Abstract: SA-PO868

Vitamin K and Vascular Health: A Systematic Review and Meta-Analysis

Session Information

  • Vascular Calcification
    November 04, 2017 | Location: Hall H, Morial Convention Center
    Abstract Time: 10:00 AM - 10:00 AM

Category: Mineral Disease

  • 1205 Vascular Calcification

Authors

  • Lees, Jennifer S., University of Glasgow, Glasgow, United Kingdom
  • Chapman, Fiona A, NHS Greater Glasgow and Clyde, Glasgow, United Kingdom
  • Mark, Patrick B., University of Glasgow, Glasgow, United Kingdom
Background

Vitamin K deficiency is prevalent among patients with chronic kidney disease. Matrix Gla protein, an important regulator of vascular calcification, is dependent on adequate vitamin K intake. We conducted a systematic review and meta-analysis of effect of vitamin K supplementation on vascular health, and assessed evidence that level of desphospho-uncarboxylated Matrix Gla protein (dpucMGP) is associated with incident cardiovascular disease (CVD) or mortality.

Methods

Two authors searched Medline, Embase, Cochrane and Google for: i) adult human studies of vitamin K supplementation versus control which measured effect on vascular calcification, vascular stiffness or dpucMGP, and ii) prospective observational studies assessing effect of baseline dpucMGP on incident CVD or mortality. Random effects meta-analysis was conducted using meta and metafor packages for R statistical software package. Egger regression and Trim and Fill were used to assess for publication bias.

Results

Electronic searching identified i) 5095 and ii) 1850 references of which i) 8 and ii) 12 met our pre-specified inclusion criteria. In groups treated with vitamin K, there was a meaningful change in vascular calcification (see Figure, p=0.038) and dpucMGP (n=6, -235.5 (-292.1; -178.8) pmol/l, p<0.001), and a trend towards improvement in vascular stiffness (n=3, -3.70 (-7.77; 0.37) %, p=0.075). Over a median follow up period of 7.8 years (IQR 4.9-11.3), stepwise increase in dpucMGP was not associated with fatal or non-fatal CVD (log HR 0.06 (-0.1; 0.23), p=0.48) or mortality (log HR 0.02 (-0.11; 0.16), p=0.74). Egger regression and Trim and Fill analyes suggest a degree of publication bias in favour of positive results.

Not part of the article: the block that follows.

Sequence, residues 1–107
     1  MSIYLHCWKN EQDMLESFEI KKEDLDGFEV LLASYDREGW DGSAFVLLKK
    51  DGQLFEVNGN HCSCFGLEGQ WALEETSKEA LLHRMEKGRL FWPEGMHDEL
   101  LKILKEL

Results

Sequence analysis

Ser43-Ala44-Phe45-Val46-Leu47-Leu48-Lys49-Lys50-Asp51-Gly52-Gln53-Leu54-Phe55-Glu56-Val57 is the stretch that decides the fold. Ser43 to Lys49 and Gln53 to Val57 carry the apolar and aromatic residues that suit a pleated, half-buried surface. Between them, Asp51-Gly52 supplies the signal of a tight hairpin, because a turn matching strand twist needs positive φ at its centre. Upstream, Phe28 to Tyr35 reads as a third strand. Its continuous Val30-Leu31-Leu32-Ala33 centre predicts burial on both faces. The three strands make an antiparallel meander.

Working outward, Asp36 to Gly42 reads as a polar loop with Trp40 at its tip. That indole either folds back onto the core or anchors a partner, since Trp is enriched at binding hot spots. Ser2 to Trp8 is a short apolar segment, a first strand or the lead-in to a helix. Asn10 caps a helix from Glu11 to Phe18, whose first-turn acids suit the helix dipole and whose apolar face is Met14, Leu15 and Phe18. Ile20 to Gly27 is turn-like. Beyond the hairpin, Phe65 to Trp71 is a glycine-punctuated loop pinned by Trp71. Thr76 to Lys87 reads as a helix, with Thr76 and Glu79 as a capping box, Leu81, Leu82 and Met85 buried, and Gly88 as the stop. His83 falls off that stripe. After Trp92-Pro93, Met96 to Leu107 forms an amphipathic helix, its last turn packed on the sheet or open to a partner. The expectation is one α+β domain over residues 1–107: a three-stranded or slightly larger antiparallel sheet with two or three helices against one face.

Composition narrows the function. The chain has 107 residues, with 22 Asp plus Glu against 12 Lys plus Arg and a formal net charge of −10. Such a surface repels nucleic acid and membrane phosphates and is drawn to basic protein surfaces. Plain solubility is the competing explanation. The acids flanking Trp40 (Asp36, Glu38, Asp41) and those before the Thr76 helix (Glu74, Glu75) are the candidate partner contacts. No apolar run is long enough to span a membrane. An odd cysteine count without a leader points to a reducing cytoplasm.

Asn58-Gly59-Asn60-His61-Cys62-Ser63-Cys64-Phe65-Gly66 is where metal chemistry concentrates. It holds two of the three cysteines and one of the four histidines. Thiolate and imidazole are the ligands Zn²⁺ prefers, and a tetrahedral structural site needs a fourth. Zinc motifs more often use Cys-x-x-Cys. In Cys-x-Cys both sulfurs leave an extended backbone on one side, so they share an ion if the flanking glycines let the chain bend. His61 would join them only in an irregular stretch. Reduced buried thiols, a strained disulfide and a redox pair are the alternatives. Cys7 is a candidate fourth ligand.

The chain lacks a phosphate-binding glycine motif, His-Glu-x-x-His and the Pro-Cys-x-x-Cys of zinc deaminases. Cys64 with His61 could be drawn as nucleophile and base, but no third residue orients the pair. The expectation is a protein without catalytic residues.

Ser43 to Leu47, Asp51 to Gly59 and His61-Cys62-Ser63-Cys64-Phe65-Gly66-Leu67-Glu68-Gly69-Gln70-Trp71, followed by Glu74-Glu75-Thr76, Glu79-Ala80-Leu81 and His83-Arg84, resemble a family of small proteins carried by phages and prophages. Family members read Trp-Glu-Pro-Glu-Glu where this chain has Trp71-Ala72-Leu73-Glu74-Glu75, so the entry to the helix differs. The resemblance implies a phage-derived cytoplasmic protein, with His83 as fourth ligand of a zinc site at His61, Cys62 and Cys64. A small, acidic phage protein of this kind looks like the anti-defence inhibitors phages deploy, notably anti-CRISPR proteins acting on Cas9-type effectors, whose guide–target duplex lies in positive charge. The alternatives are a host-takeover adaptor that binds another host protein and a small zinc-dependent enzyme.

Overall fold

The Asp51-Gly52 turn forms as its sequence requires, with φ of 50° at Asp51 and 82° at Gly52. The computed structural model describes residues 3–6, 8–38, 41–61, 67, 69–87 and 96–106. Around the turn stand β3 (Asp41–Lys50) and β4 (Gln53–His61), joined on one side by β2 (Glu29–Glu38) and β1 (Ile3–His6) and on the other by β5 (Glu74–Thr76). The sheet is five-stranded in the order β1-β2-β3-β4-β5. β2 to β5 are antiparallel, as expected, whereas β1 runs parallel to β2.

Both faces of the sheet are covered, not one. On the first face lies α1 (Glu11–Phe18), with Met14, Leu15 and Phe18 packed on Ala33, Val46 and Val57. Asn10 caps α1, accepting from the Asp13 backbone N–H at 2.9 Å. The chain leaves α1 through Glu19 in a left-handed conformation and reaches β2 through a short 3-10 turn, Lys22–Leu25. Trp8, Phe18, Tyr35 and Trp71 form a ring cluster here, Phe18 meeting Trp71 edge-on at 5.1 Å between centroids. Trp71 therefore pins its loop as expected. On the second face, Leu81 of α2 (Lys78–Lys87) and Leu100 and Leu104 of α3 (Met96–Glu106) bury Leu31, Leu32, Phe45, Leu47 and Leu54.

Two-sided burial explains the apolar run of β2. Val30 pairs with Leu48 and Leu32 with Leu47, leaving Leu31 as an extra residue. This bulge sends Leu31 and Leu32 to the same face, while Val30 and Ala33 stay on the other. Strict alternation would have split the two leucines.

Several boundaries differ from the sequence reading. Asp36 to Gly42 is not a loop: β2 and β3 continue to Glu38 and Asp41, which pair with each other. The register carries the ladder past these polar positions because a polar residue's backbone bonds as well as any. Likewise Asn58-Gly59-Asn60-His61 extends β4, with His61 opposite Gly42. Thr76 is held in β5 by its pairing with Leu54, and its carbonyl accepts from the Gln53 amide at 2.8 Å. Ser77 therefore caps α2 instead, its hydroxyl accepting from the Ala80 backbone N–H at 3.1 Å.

Conclusion

Vitamin K supplementation significantly reduces dpucMGP level, though dpucMGP is not associated with incident CVD or mortality. Supplementation appears to reduce progression of vascular calcification, with a trend towards improvement in vascular stiffness, though there are limited data available. Further clinical trials of the effect of vitamin K supplementation on vascular health are warranted.

Figure: Forest plot of random effcts meta-analysis: % change in calcification with vitamin K supplementation versus control